A youth worker has described his experience of working with a young man suffering with Fragile X Syndrome.
Maf is a youth worker and has worked with disabled and vulnerable young people for a number of years.
When Maf met Dennis in February 2012 on the Second Half Project, he had not a clue about Fragile X Syndrome.
This did not stop Maf befriending Dennis, who goes by the nickname Deno, and supporting him as they completed three courses together.
Fragile X Syndrome is a genetically inherited condition that causes learning disabilities, short attention span, hyperactivity, and social, emotional and communication problems. In addition the syndrome is associated with low muscle tone and gross motor skill deficits which can pose barriers to easy movement, balance and co-ordination.
The combination of these physical difficulties and the attention and concentration difficulties, which impact on learning and memorising new skills, presented big problems for Dennis.
Dennis, 23, has overcome his difficulties while training for his FA level 1 coaching certificate and playing football for the Bradford City Disability Football Club.
Fragile X Syndrome is a hidden disability and can affect 1 in 3,600 boys and affects 1 in 6,000 girls. The syndrome has been found in all populations and ethnic groups and diagnosis is established by Fragile X DNA test.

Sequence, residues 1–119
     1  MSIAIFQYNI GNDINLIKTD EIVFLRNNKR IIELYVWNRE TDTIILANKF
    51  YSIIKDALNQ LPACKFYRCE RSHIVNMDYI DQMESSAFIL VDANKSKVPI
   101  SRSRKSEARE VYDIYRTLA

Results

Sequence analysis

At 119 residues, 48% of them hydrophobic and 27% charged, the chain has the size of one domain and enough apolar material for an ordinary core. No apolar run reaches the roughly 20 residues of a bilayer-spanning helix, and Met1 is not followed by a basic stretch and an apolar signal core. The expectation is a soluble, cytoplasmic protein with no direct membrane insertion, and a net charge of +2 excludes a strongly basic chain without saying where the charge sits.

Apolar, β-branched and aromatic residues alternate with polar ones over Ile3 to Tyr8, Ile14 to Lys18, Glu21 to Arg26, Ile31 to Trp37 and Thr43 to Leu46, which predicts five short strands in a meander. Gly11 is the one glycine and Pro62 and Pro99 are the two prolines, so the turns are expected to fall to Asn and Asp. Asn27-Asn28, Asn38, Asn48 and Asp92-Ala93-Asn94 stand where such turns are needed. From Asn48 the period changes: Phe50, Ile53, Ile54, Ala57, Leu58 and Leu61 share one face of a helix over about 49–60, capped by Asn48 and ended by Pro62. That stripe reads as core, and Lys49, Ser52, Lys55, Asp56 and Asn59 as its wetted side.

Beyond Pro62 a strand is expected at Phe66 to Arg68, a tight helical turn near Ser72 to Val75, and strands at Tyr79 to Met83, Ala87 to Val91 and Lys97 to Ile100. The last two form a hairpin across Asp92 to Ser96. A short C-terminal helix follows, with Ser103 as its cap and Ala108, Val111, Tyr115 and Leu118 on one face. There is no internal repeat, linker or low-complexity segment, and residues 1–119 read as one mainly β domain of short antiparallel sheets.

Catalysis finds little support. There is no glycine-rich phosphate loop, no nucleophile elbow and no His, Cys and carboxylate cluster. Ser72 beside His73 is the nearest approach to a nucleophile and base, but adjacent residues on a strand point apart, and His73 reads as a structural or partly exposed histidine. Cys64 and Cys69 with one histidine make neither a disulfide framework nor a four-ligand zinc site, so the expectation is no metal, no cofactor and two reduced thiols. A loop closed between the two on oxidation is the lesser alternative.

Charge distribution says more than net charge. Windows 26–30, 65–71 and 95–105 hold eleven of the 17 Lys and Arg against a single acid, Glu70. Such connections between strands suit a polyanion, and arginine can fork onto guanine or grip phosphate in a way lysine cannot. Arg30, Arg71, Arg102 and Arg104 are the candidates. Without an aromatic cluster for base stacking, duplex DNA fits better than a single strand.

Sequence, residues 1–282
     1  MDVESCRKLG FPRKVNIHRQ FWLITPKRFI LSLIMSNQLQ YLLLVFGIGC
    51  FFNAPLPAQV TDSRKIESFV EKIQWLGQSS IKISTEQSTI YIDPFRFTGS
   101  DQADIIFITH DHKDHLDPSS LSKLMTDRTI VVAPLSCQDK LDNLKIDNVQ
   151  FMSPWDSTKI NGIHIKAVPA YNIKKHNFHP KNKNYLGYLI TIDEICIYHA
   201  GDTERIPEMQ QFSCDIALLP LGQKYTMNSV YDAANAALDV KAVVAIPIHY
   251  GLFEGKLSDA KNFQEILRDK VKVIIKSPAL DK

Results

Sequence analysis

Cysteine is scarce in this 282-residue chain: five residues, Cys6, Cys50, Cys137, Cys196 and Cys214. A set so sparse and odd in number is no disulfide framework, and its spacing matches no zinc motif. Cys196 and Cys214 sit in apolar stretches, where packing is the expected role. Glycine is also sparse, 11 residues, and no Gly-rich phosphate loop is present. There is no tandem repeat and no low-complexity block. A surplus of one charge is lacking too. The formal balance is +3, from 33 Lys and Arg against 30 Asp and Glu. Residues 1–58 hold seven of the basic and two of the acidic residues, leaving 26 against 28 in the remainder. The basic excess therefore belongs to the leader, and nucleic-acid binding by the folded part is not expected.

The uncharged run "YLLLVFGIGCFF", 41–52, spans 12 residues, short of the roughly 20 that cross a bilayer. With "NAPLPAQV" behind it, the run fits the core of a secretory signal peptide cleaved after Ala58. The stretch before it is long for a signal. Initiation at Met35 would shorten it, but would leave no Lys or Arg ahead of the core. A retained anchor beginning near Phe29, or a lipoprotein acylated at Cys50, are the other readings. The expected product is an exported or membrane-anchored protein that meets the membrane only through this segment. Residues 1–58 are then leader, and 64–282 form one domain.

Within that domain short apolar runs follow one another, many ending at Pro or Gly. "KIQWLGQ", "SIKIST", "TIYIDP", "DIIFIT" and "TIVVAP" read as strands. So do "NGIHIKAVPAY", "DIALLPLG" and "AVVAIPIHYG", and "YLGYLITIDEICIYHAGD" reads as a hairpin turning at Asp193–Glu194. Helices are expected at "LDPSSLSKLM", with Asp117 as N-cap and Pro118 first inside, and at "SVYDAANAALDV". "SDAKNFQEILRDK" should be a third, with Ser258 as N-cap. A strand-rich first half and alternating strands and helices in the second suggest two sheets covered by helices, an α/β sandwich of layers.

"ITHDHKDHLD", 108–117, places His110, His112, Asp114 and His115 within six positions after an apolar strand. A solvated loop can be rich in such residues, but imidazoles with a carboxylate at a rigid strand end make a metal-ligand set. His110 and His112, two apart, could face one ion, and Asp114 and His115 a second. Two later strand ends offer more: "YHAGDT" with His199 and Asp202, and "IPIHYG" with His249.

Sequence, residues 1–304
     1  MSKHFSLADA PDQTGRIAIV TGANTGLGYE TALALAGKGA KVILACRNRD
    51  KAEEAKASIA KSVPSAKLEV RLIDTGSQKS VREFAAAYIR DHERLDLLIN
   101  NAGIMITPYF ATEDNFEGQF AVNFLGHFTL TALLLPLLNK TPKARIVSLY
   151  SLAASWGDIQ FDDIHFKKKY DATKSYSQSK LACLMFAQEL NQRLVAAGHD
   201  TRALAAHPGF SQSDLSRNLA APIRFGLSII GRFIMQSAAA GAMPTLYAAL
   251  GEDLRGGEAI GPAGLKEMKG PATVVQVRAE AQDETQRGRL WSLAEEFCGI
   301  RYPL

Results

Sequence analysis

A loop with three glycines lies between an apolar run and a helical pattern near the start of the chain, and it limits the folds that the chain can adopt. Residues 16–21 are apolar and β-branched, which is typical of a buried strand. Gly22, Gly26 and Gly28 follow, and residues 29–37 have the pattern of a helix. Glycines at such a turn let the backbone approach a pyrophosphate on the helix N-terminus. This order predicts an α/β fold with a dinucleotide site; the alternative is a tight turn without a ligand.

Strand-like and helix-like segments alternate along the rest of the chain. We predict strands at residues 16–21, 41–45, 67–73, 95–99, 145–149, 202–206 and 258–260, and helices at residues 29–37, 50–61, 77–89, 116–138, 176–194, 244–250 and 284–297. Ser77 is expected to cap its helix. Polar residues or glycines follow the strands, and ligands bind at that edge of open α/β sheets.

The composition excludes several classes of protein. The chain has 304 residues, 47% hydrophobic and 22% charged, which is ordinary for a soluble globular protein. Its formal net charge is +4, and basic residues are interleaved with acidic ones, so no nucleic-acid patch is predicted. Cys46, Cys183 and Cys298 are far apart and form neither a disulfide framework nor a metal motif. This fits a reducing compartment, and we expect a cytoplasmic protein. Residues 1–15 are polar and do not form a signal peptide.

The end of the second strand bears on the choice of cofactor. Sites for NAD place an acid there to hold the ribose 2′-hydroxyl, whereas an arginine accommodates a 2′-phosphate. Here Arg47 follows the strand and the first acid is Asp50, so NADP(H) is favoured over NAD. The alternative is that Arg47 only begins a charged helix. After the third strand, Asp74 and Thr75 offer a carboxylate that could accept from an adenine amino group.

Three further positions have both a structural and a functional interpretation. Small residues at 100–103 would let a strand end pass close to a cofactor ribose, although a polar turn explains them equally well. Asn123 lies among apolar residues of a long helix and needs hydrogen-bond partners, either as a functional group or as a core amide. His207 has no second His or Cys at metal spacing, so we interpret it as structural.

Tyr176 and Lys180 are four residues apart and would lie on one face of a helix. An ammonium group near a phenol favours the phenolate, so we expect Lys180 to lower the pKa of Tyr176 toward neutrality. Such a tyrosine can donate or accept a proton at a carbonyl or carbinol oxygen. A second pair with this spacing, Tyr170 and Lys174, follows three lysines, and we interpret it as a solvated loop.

Speaking about his time with Dennis, Maf said: “During the Sports Leadership Level 1 and 2 courses, Dennis and I learnt about different aspects of coaching in football. I had been involved in coaching sports to people with learning disabilities before, but working alongside Dennis enabled me to improve my skills a lot more.
“Furthermore, Dennis showed an active interest in coaching sessions, so I entered into a new field of helping him to conduct sessions and teach too. Previously, I had only taken part in increasing participation but not encouraging further participation. Coaching has allowed Dennis to gain a greater understanding of sports leadership and coaching in general.”
Since completing the course, Maf has been volunteering to coach football sessions conducted by Bradford City Disability Football Club with help from Dennis.
Maf said: “Through Dennis I learned how to bring simplicity into my coaching. He has been instrumental in teaching me how to break down training into its simplest forms so that everyone, whatever their level of ability or disability, can make progress. Without Dennis, I don’t think I would have achieved this.”
Ian Ormondroyd, former Bradford City player, is the brainchild behind the Second Half project, which aims to empower young people who have had a difficult start in their life and are looking to build confidence, develop self esteem and learn new skills.
To reach their objectives, young people were involved in a mixture of class room and football activities leading on to a Sport leadership qualification.
The Second Half Project has now ended due to funding but a spokesperson has “requested business and banks to come forward to support this project as many of the young people including Dennis are making a positive contribution to the community and delivering sport related activity”.
The spokesperson also commended Maf for lending his time to the project and hailed him as a “local hero”, which they need more of.